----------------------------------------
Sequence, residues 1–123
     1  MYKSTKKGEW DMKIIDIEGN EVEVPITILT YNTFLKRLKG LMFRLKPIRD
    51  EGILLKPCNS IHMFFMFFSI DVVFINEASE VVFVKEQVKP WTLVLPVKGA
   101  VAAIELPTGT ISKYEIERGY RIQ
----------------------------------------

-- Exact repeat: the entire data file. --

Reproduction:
Sequence, residues 1–123
     1  MYKSTKKGEW DMKIIDIEGN EVEVPITILT YNTFLKRLKG LMFRLKPIRD
    51  EGILLKPCNS IHMFFMFFSI DVVFINEASE VVFVKEQVKP WTLVLPVKGA
   101  VAAIELPTGT ISKYEIERGY RIQ